Welfare rules: A smack down, not a hand up
TheStar.com – Opinion/Editorial
Published On Tue Nov 23 2010
Ontario’s social assistance system is supposed to do two things: provide financial assistance to those in need and employment assistance to help individuals prepare for, find and keep a job.
So why did the system fail Linda Chamberlain so completely that she quit the job she loved?
As the Star’s Catherine Porter reported on the weekend, Chamberlain fell victim to the confluence of two pieces of provincial legislation, both designed to act as a safety net for Ontarians. When she worked more than a few hours a week, her subsidized rent went up more than her ability to pay. Under the Social Housing Reform Act, her rent increased dramatically based on 100 per cent of her earnings. But under the Ontario Disability Support Program, she was only allowed to keep 50 per cent of her earnings.
Each department followed its own rules, without regard to the consequences. The more Chamberlain earned, the poorer she got.
This is hardly a system that encourages people to “find and keep a job.” It is, as Premier Dalton McGuinty has acknowledged, a system of counterproductive rules that “stomp” people into ground, hurting them and our economy.
In a paper for the Metcalf Foundation, John Stapleton, a former social services bureaucrat, argues that these rules make the move to self-reliance almost impossible. He’s right.
“I can’t afford to work,” is how Chamberlain summed up her experience. We hope that Housing Minister Rick Bartolucci has paid close attention to her words.
The housing ministry says that it has looked at ways to “make the social housing system fairer … and to encourage the transition out of poverty by reducing disincentives to work.”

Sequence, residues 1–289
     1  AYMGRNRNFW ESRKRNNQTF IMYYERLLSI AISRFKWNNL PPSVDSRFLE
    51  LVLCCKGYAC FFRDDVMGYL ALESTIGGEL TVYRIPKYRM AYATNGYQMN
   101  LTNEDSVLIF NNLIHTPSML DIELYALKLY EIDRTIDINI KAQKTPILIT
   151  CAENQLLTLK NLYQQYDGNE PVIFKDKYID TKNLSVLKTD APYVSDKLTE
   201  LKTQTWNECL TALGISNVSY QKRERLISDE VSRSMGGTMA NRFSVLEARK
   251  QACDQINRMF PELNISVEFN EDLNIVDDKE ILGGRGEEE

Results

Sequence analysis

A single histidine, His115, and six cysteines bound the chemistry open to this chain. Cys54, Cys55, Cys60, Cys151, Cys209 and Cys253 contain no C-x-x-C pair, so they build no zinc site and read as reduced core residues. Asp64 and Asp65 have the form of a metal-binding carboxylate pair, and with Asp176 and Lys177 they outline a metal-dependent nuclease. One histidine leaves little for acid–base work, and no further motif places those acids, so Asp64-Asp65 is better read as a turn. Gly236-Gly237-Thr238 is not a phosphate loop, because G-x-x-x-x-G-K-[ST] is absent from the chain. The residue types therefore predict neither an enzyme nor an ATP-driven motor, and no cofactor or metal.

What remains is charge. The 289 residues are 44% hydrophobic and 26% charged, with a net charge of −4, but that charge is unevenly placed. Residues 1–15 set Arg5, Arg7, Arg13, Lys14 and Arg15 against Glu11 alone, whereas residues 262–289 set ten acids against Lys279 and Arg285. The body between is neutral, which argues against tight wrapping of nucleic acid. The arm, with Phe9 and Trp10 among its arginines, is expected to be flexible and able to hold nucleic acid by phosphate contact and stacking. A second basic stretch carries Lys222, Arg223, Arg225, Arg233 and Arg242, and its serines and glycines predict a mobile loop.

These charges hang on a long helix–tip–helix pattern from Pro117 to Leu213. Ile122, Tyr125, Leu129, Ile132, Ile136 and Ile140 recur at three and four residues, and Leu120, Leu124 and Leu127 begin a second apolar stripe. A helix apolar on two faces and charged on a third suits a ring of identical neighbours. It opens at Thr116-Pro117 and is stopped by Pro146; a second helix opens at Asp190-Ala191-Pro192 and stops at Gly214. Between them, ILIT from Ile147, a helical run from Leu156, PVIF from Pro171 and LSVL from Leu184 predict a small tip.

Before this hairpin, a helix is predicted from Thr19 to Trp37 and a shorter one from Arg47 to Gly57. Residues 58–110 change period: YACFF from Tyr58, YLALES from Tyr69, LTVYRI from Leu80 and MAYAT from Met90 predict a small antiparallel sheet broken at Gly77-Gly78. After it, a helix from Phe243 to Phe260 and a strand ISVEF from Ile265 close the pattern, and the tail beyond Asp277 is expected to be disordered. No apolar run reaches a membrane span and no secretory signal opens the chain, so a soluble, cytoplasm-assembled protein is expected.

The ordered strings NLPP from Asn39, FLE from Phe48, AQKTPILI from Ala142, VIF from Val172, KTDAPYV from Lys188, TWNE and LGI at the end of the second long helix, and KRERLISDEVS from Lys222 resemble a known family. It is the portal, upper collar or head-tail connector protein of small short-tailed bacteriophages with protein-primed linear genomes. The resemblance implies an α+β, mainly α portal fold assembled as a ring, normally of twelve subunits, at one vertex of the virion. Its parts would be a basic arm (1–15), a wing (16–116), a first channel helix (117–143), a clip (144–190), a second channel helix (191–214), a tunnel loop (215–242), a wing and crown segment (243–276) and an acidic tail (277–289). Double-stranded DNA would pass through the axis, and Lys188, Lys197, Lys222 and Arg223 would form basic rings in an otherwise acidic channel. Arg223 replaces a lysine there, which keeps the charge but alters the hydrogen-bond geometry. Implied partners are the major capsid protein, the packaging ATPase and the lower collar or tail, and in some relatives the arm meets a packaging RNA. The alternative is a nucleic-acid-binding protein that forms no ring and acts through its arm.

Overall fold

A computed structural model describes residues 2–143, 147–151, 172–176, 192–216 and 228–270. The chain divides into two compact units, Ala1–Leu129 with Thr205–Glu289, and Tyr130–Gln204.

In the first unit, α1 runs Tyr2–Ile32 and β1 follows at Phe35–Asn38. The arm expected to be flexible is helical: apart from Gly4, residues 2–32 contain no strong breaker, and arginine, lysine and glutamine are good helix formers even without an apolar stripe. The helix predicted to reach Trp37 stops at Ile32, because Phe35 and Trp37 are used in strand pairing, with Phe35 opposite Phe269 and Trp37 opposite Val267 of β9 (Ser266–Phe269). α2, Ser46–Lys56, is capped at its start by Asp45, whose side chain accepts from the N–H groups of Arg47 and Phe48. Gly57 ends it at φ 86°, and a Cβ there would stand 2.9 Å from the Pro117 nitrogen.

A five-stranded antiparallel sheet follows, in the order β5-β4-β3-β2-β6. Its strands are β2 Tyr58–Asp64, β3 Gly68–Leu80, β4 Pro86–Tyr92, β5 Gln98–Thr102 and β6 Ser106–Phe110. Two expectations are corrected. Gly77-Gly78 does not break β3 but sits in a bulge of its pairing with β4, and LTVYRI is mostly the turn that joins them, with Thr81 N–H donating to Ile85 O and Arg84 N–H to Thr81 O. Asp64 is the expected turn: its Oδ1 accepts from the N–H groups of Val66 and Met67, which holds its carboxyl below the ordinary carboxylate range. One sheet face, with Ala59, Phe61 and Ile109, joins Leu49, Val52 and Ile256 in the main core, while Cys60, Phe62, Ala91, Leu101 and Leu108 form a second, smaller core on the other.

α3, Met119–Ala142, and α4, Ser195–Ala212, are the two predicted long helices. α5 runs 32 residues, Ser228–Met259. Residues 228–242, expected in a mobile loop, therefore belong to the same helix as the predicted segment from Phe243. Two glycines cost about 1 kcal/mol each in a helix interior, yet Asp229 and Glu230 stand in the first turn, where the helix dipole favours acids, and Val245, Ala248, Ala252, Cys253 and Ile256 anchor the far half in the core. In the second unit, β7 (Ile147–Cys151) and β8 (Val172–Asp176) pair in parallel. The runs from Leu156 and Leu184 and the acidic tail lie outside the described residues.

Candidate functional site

We’ll soon know how serious the government is about fixing the problem that ensnared Chamberlain and adversely affects thousands of other Ontarians trying desperately to pull themselves out of poverty through work.
Bartolucci is set to release Ontario’s long-term affordable housing strategy shortly. If the fix – setting subsidized rents to a person’s net, not gross, income – isn’t already part of the strategy, it should be added.
Rules like this one aren’t just mean-spirited and unfair; they also undermine the overall goal of the social assistance system, which is to move people toward self-reliance.
When Chamberlain got a job working on the same ward of Centre for Mental Health and Addiction where she used to be a patient, she became a psychiatric success story. When unbending rules made her quit that job, she became the poster child for the failure of our housing and social assistance systems.
If the government can’t fix this problem – and quickly — there is little reason to have confidence that it can deal with the multitude of other problems in a rules-bound social assistance system that does a better job of keeping people down than giving them a hand up.
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